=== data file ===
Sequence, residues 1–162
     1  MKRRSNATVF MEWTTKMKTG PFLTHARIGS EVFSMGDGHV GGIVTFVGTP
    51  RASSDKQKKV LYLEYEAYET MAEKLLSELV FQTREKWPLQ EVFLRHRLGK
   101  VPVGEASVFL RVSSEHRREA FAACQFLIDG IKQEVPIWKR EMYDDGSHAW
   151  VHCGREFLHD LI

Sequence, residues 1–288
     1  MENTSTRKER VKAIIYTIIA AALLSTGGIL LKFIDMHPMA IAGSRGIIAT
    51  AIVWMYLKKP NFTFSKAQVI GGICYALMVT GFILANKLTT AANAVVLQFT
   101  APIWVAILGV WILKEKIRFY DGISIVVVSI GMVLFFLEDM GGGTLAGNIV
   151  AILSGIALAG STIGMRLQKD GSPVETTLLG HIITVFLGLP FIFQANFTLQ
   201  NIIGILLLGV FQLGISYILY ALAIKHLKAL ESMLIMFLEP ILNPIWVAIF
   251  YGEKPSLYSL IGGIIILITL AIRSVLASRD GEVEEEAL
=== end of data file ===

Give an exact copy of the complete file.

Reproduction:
Sequence, residues 1–162
     1  MKRRSNATVF MEWTTKMKTG PFLTHARIGS EVFSMGDGHV GGIVTFVGTP
    51  RASSDKQKKV LYLEYEAYET MAEKLLSELV FQTREKWPLQ EVFLRHRLGK
   101  VPVGEASVFL RVSSEHRREA FAACQFLIDG IKQEVPIWKR EMYDDGSHAW
   151  VHCGREFLHD LI

Sequence, residues 1–288
     1  MENTSTRKER VKAIIYTIIA AALLSTGGIL LKFIDMHPMA IAGSRGIIAT
    51  AIVWMYLKKP NFTFSKAQVI GGICYALMVT GFILANKLTT AANAVVLQFT
   101  APIWVAILGV WILKEKIRFY DGISIVVVSI GMVLFFLEDM GGGTLAGNIV
   151  AILSGIALAG STIGMRLQKD GSPVETTLLG HIITVFLGLP FIFQANFTLQ
   201  NIIGILLLGV FQLGISYILY ALAIKHLKAL ESMLIMFLEP ILNPIWVAIF
   251  YGEKPSLYSL IGGIIILITL AIRSVLASRD GEVEEEAL